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terest, FERC files a public notice of the application in the Federal Register, solicits public comment, and conducts a public hearing on the application. 403 As part of its evaluation, FERC must, among other things, investigate the environmental consequences of the project under the National Environmental Policy Act. 404 At the end of the process, FERC issues a certificate if it finds that the proposed project “is or will be required by the present or future public convenience and necessity.” 405 Once FERC has issued the certificate, the Natural Gas Act empowers the certificate holder to exercise “the right of eminent domain” to obtain easements and other property interests needed for the project if such property interests cannot be obtained through voluntary contractual negotiations. 406 Moreover, although the Natural Gas Act itself does not provide for a “quick-take” process whereby the certificate holder can obtain possession of the property prior to the determination of just compensation, numerous courts have authorized certificate holders to obtain such immediate possession through the equitable remedy of a preliminary injunction. 407 As a result, after depositing an amount of money with the court equal to the appraised value of the property and establishing sufficient financial viability to pay any additional amounts awarded by the court, the certificate holder can begin construction of the pipeline or natural gas storage area while the amount of compensation owed is still being litigated. 408 This structure under the Natural Gas Act for reviewing projects and authorizing the right of eminent domain can serve as a partial model for CCS legislation. Congress could enact CCS legislation that creates a comprehensive regulatory, geologic, and environmental review process to determine whether a CCS sequestration project is in the public interest. This process, which could be conducted by FERC or another agency with mandatory input or consultation from the EPA and other federal agencies, would be subject to public notice, comment, geologic review, environmental review, and other expert review. A determination that the project is in the public interest would result in FERC, or whichever federal agency is granted authority over such review, issuing a certificate that indicates the project is in the public interest. The CCS operator holding the certificate would then be authorized to exercise the power of 403. Id. § 717(f)(c)(1)(b); 18 C.F.R. § 157.1 (2008). 404. 18 C.F.R. § 157.9(b); see also National Environmental Policy Act, 42 U.S.C. §§ 4331–4335; E. Tenn. Natural Gas Co. v. Sage, 361 F.3d 808, 818 (4th Cir. 2004) (describing the process of obtaining a certificate of public convenience and necessity under the Natural Gas Act). 405. 15 U.S.C. § 717f(e). 406. Id. § 717f(h). 407. See E. Tenn. Natural Gas Co., 361 F.3d at 827 (granting immediate possession to natural gas company after issuance of order recognizing right of eminent domain under the Natural Gas Act but before determination of just compensation and citing other cases granting similar immediate possession). See generally Jim Behnke & Harold Dondis, The Sage Approach to Immediate Entry by Private Entities Exercising Federal Eminent Domain Authority Under the Natural Gas Act and the Federal Power Act, 27 ENERGY L.J. 499 (2006). 408. Behnke & Dondis, supra note 407, at 530.

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eminent domain to obtain any necessary property interests if it cannot obtain such interests through voluntary contractual negotiations. Congress could also specifically grant “quick-take” authority to the certificate holder so that project implementation may begin before the final determination of just compensation. As discussed earlier, simply because a private party owns land above a proposed CO2 sequestration basin does not mean that private party has a “property interest” in the subsurface that can be acquired only by eminent domain. In cases where Congress, the states, or the courts have recognized a property interest, however, the CCS operator would be able to exercise the right of eminent domain to obtain these subsurface property rights with payment of just compensation. Such federal legislation authorizing eminent domain to obtain subsurface pore space for CO2 sequestration may or may not also create a structure for payment of compensation. The Natural Gas Act does not create such a structure for payment of compensation, choosing instead to implicitly assume the existence of property rights in the subsurface and allow the courts to address any disputes over the amount of just compensation using the principles of state law. 409 Another option, though, as stated above, would be to create a presumption that any private pore space property is of no value or of nominal value, but give surface or mineral owners an opportunity to present evidence in an administrative proceeding that current or reasonably foreseeable non-CCS uses will be impaired by CO2 sequestration, and that the value of the property is reduced as a result. 410 Any administrative decision on this issue could then be made appealable to federal or state district court. In addition to creating a structure to assess the value of the subsurface property in any statutory eminent domain proceeding, another issue that needs to be addressed is whether the government or private CCS operators should be required to compensate surface owners up front for the fact that their land will be located above significant amounts of injected CCS for hundreds to thousands of years. While experts believe the risks associated with such sequestration are small, the fact remains that those surface owners with CO2 beneath their land will bear those risks far more heavily than the remainder of the population, all of whom will benefit equally from reduced CO2 in the atmosphere. 411 While the jurisprudence regarding valuation of property under the Constitution for just compensation purposes cannot easily take that increased risk to human health and the environment into account, Congress could establish a 409. See 15 U.S.C. § 717f(h) (stating that practice and procedure for Natural Gas Act condemnation actions shall conform as much as possible to the state law where the property is situated). 410. See MCCOY, supra note 194, at 9 (distinguishing the need for compensation in natural gas storage cases from CO2 storage cases because natural gas storage is often displacing developable oil and gas resources, and arguing that compensation for use of pore space for CO2 storage should only be required where the property owner shows impairment of a pre-existing economic interest). 411. Klass & Wilson, supra note 83, at 13.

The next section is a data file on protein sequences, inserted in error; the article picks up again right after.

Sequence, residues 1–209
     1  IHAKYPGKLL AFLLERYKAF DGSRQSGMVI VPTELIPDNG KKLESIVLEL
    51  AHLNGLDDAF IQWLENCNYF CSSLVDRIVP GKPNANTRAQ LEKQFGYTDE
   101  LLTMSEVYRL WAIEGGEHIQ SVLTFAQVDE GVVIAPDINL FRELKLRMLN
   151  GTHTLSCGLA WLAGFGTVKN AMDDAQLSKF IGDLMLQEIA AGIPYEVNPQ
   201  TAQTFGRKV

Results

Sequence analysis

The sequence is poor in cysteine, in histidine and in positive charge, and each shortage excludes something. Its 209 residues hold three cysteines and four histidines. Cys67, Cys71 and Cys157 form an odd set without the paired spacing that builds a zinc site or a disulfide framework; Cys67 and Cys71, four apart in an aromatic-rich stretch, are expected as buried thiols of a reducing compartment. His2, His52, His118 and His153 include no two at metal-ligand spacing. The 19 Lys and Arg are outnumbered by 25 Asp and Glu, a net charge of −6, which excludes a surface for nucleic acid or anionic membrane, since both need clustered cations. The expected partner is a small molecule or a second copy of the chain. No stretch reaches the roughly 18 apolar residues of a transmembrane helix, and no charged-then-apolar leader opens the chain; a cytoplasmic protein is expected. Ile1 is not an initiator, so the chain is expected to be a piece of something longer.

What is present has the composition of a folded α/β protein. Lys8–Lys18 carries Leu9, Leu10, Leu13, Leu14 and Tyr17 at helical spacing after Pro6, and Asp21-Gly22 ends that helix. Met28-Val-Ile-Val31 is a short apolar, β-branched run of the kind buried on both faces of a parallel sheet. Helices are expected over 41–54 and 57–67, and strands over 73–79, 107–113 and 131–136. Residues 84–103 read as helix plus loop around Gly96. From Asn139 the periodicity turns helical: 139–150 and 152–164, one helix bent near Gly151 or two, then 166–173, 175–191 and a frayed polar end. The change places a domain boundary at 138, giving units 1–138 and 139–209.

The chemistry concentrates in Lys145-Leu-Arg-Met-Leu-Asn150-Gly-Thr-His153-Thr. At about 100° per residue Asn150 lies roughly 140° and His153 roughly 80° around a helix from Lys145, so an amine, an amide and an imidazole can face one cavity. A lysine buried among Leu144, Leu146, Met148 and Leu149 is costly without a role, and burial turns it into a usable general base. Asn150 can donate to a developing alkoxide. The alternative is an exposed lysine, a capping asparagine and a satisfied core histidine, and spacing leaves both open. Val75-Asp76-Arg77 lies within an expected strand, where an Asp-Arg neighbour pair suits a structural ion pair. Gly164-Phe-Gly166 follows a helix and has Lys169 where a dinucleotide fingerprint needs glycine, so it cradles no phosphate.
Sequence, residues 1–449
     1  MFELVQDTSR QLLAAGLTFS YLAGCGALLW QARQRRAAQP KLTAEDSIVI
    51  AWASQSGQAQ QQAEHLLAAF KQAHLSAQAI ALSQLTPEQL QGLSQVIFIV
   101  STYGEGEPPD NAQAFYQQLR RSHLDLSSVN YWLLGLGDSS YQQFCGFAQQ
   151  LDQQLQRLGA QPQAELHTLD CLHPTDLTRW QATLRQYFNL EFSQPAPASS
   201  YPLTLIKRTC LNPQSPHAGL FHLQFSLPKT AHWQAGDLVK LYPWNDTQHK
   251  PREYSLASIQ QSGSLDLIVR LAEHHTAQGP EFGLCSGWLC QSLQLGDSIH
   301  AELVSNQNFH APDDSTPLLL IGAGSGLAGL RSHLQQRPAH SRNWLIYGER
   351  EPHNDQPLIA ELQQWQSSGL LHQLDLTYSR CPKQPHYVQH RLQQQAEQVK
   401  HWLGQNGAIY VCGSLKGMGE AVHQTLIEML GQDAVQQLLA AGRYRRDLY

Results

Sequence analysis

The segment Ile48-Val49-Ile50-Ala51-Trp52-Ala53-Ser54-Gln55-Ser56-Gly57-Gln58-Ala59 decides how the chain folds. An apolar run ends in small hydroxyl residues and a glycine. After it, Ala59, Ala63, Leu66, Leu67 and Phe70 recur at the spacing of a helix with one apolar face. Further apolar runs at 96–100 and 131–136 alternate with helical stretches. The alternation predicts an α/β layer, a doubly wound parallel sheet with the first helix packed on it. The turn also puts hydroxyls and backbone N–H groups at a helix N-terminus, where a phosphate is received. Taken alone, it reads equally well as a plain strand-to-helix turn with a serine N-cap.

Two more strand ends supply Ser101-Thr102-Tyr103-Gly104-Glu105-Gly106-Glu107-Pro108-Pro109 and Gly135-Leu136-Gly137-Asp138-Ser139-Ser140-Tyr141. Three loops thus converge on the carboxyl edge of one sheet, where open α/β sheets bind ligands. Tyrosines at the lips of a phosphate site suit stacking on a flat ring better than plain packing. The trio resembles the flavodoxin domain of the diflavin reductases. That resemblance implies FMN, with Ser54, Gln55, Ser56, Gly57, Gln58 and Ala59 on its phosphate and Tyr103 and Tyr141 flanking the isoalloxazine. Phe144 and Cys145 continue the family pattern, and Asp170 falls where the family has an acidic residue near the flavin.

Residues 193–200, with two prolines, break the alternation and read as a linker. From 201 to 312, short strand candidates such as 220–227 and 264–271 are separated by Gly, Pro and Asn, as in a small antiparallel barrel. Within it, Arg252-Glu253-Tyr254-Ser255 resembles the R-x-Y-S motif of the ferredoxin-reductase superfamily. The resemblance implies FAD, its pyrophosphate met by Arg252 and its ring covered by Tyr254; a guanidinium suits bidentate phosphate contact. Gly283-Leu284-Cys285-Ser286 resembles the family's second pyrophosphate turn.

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payment system separate and apart from just compensation to reflect that risk. CONCLUSION This Article explores the role of property rights in current efforts to develop the technology to transport, inject, and store underground millions to billions of tons of CO2 per year as a means to reduce atmospheric CO2 emissions and address climate change. Ultimately, we conclude that precedent supports a range of options that policymakers and courts can adopt when it comes to determining private property rights in the subsurface. Assuming that CO2 sequestration will implicate at least some private property interests, we propose a federal statutory framework for acquiring deep subsurface pore space rights and paying any compensation owed. We conclude sequestration of CO2 will likely be found to be a “public use” under the Fifth Amendment because of its potentially important role in combating climate change, and thus an eminent domain action would be lawful. Ultimately, CCS is a promising technology that may play a major role in efforts to address climate change. Before it can be implemented on a large scale, however, policymakers and courts must identify, analyze, and begin to resolve these important property rights issues. This Article is an effort to provide a roadmap to assist in that end.